One of the topics that I talk about in my New Technology class is the concept of adjacent possible. It refers to the fact that any new innovation needs to come from existing innovation. What we have in our environment at any given time determines how we think and what we can invent. For example, it was not until harnessing electricity that we had home appliances like electronic toasters and washing machines. Personal computers were only possible with the microchip which was only possible with integrated circuits which was only possible due to transistors. And this determines our perception of the world. The current state of technology very much creates our perception of what we think is possible and at the same time limits our ability to invent. Perceptions are slow to change and usually we need to experience new technology to change our perception.
In 2000 I gave a lecture on the future. After the lecture I was asked about the future of the car. Two things came to my mind: cars of the future will be electric and self-driving. Today that might be plausible as we hear news about the Google self-driving car and electric cars like Tesla and Nissan Leaf. But in 2000 this was a ridiculous statement. The perception was that petrol was the only way and all efforts of electric cars had been disappointing disasters. And how could a car possibly drive itself?
People today that are used to driving their cars, will be hesitant first when they get into a car that drives it self. For some it will be scary and something to get used to:
People that will be born in the next few years will grow up with self-driving cars and can’t imagine a world where people had to drive themselves. This always happens with new technology since our perception is based on the world we know and grew up with. When automatic elevators were introduced people were scared to enter them because there was no one to operate the elevator. Prior to that a person would control the elevator. Today we would be scared if someone did.
Another way to describe the adjacent possible is to imagine that you are in a room. In this room is all the knowledge of the world as we know it. With that knowledge we get an idea and a door opens and we enter a new room with all the previous knowledge plus the new idea. Hence, ideas come from existing ideas. Now – describe a room far out. Something that needs many other rooms to get to. That is not adjacent possible. You loose the perception and the room looks like science fiction.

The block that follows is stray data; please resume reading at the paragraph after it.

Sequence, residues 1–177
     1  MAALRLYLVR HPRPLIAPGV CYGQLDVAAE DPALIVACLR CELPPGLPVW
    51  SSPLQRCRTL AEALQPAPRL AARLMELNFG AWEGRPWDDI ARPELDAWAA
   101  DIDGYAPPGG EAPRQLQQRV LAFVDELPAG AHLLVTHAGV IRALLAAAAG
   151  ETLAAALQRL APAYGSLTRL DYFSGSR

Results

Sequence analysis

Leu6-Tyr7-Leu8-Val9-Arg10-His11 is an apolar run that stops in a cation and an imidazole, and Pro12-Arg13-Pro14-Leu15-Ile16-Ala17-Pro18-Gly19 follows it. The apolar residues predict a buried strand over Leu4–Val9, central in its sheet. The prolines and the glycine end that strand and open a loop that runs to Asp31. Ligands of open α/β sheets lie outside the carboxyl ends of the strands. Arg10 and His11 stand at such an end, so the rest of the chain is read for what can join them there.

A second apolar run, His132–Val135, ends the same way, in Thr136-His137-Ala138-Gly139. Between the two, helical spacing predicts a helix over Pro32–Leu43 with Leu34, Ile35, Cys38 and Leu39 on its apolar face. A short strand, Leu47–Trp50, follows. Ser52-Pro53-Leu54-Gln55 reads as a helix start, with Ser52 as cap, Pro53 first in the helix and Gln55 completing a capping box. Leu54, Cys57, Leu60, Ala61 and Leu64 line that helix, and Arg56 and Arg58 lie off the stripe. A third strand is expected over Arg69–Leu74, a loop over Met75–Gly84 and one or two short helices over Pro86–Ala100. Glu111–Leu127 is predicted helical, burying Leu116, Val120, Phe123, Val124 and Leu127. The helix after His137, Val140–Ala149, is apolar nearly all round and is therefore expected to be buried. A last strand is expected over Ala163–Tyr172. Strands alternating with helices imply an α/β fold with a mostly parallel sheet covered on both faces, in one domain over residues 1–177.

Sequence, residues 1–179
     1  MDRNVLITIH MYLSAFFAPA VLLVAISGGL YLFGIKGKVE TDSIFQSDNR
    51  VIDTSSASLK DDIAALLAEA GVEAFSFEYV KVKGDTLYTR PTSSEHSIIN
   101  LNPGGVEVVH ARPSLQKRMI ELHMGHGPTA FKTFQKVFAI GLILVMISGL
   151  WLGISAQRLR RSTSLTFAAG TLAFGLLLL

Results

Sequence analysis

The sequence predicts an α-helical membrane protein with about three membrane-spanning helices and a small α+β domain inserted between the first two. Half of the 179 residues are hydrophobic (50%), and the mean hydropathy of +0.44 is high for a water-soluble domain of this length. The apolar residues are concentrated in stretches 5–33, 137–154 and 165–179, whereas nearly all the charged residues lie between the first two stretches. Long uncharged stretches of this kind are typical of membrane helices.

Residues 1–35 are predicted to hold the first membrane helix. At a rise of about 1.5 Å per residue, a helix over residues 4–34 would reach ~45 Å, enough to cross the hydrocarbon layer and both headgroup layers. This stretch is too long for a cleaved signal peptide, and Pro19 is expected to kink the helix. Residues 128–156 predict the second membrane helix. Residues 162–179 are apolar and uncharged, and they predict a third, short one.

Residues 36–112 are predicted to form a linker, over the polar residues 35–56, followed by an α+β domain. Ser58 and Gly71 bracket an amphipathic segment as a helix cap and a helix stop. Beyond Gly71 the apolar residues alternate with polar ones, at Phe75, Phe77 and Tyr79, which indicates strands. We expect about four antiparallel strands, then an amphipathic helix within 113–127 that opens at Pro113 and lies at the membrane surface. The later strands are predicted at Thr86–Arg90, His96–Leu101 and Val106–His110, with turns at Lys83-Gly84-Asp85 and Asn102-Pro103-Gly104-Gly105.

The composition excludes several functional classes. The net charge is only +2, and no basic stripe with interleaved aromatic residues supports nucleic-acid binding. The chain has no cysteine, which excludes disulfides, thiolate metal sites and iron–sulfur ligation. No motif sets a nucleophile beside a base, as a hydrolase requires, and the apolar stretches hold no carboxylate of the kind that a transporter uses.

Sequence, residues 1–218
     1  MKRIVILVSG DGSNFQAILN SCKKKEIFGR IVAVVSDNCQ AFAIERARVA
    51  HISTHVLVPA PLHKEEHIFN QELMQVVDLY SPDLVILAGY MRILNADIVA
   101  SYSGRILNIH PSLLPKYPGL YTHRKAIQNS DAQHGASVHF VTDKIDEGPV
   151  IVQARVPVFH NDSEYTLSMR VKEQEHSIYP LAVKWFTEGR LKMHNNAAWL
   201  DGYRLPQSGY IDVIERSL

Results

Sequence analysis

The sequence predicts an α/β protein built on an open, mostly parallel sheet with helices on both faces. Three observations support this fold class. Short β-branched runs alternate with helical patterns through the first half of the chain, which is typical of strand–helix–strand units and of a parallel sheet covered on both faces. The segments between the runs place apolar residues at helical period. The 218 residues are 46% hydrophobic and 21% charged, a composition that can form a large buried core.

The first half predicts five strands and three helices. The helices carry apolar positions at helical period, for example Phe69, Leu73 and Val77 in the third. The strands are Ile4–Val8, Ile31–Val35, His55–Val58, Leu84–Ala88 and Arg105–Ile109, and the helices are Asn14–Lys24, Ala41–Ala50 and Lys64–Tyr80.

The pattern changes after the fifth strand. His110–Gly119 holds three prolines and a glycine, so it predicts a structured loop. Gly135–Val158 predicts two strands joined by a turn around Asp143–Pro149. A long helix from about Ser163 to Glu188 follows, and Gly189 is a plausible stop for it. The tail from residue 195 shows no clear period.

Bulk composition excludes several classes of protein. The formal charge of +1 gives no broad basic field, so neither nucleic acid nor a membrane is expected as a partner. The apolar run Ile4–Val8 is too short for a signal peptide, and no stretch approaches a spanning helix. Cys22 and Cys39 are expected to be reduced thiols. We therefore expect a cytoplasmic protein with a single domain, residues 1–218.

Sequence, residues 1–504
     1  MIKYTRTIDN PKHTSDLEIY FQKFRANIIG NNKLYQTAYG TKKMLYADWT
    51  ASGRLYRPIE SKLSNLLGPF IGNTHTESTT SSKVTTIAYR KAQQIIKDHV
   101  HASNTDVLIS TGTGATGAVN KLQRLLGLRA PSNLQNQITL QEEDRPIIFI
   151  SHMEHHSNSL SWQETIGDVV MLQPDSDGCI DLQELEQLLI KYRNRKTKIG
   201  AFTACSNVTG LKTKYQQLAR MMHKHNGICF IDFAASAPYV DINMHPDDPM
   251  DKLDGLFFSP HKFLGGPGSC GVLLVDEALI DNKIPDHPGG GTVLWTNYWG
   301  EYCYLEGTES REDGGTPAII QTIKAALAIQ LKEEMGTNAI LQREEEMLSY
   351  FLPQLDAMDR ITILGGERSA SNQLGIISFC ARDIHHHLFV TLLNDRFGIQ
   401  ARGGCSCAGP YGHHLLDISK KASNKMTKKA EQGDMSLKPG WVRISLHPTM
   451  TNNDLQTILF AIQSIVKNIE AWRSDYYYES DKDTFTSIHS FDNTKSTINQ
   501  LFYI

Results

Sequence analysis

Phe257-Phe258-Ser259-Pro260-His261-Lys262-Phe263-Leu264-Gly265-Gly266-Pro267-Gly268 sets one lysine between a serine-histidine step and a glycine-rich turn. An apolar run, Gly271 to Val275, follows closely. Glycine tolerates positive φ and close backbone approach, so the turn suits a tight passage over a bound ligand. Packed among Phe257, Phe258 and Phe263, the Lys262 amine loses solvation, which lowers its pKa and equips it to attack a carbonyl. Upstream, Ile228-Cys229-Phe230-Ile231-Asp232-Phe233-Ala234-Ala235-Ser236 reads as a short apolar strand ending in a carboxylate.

In 1964, author and inventor Arthur C. Clark made prediction about the 21st century. Due to the then recent development of the transistor and communication satellites, he said: “These things will make possible a world in which we can be in instant contact with each other, wherever we may be. Where we can contact our friends anywhere on Earth, even if we don’t know their actual, physical location. It will be possible in that age, perhaps only 50 years from now [which is 2014] for a man to conduct his business from Tahiti or Bali just as well as from London.” Although we take this for granted in 2014, this was science fiction for people in 1964. Not surprisingly, Clark’s Third Law says: “Any sufficiently advanced technology is indistinguishable from magic.”
Perception depends on the old. The way we do things and what we grow up with. With new advances in technology our perceptions change and people slowly adjust as they are exposed to the new technology. I remember back in 2010 when I was explaining the importance of smartphone to people. I was recommending building mobile apps instead of web pages. Some people would laugh in disbelieve and I would then ask them what type of mobile phone they used. The disbelievers had one thing in common. They used a non-smart Nokia phone. It was impossible to explain the importance of mobile apps to those people as they did not understand the potential of smartphones like iPhone. I see a similar thing happening now with Virtual Reality – VR. Try to convince someone about VR that has never tried it.
With new perception our behaviours changes. Many brilliant business ideas were turned down due to old perception of the world. As more and more of services will be accessible by talking with our devices we need to update our perception world.
This text is a new addition to the 2017 edition of my textbook New Technology.